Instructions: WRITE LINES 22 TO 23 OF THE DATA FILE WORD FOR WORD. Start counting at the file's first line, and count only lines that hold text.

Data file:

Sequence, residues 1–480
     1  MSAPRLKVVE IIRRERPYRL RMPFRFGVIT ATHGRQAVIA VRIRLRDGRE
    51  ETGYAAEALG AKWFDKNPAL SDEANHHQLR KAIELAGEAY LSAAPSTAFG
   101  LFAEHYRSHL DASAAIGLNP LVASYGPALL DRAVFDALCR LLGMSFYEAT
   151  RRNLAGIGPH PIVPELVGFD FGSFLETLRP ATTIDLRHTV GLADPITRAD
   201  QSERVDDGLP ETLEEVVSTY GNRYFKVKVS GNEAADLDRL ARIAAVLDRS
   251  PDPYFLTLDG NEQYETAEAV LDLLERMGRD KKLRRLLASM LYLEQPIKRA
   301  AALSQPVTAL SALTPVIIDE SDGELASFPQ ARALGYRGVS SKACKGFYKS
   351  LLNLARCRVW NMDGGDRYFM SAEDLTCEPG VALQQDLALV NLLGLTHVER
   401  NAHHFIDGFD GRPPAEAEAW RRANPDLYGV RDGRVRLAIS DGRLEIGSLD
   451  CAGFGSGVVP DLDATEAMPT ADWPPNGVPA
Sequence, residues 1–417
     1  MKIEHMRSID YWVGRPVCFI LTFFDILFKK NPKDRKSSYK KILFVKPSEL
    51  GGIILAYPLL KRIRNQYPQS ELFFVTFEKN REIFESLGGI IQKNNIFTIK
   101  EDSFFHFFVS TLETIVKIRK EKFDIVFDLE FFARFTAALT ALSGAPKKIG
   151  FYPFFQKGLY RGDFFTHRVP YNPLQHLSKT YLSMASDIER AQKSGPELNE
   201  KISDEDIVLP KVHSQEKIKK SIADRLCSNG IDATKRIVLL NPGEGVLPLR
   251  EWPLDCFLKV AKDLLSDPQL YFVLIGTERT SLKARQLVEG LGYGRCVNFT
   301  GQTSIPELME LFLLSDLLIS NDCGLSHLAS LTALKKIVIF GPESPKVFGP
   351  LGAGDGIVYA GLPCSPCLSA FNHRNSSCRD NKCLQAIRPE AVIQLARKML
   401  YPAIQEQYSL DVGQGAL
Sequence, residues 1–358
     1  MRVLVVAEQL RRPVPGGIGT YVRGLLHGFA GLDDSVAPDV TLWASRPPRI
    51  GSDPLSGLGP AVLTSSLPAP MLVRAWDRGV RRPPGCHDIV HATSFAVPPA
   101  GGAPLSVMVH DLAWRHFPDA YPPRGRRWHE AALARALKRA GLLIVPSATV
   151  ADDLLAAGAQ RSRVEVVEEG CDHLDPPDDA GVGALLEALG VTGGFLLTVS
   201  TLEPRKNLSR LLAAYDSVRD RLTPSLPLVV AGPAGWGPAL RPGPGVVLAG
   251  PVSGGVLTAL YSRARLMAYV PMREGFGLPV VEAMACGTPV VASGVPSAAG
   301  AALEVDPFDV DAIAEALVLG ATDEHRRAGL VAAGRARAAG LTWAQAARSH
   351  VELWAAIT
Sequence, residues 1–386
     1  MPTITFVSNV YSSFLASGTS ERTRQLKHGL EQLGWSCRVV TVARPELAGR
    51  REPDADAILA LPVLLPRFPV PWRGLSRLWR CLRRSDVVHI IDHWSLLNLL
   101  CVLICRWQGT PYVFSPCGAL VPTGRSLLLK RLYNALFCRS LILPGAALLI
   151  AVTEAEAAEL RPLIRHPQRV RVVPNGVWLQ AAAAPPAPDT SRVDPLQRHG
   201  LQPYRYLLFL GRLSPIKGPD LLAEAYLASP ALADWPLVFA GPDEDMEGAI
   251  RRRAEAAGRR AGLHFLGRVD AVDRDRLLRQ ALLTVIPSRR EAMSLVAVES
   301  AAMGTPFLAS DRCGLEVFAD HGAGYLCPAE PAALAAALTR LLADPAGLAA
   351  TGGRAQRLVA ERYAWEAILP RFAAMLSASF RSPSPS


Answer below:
Sequence, residues 1–358
     1  MRVLVVAEQL RRPVPGGIGT YVRGLLHGFA GLDDSVAPDV TLWASRPPRI